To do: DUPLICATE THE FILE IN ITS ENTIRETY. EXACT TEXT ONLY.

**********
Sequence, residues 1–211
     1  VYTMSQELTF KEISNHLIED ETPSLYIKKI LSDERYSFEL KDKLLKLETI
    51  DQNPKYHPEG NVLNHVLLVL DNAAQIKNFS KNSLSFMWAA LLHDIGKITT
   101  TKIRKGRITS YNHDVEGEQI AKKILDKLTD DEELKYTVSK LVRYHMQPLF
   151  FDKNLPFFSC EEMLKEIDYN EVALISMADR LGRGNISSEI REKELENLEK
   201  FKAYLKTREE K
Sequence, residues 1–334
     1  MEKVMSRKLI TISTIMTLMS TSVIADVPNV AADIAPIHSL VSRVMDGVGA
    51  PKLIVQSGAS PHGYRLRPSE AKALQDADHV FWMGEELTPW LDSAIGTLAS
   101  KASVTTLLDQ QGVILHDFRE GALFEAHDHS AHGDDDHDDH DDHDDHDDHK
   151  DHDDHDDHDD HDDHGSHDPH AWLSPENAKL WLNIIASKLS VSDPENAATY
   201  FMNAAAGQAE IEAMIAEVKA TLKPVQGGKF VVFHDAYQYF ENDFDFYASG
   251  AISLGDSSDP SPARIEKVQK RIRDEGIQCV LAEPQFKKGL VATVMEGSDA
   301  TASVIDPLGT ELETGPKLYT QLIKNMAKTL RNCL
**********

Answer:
Sequence, residues 1–211
     1  VYTMSQELTF KEISNHLIED ETPSLYIKKI LSDERYSFEL KDKLLKLETI
    51  DQNPKYHPEG NVLNHVLLVL DNAAQIKNFS KNSLSFMWAA LLHDIGKITT
   101  TKIRKGRITS YNHDVEGEQI AKKILDKLTD DEELKYTVSK LVRYHMQPLF
   151  FDKNLPFFSC EEMLKEIDYN EVALISMADR LGRGNISSEI REKELENLEK
   201  FKAYLKTREE K
Sequence, residues 1–334
     1  MEKVMSRKLI TISTIMTLMS TSVIADVPNV AADIAPIHSL VSRVMDGVGA
    51  PKLIVQSGAS PHGYRLRPSE AKALQDADHV FWMGEELTPW LDSAIGTLAS
   101  KASVTTLLDQ QGVILHDFRE GALFEAHDHS AHGDDDHDDH DDHDDHDDHK
   151  DHDDHDDHDD HDDHGSHDPH AWLSPENAKL WLNIIASKLS VSDPENAATY
   201  FMNAAAGQAE IEAMIAEVKA TLKPVQGGKF VVFHDAYQYF ENDFDFYASG
   251  AISLGDSSDP SPARIEKVQK RIRDEGIQCV LAEPQFKKGL VATVMEGSDA
   301  TASVIDPLGT ELETGPKLYT QLIKNMAKTL RNCL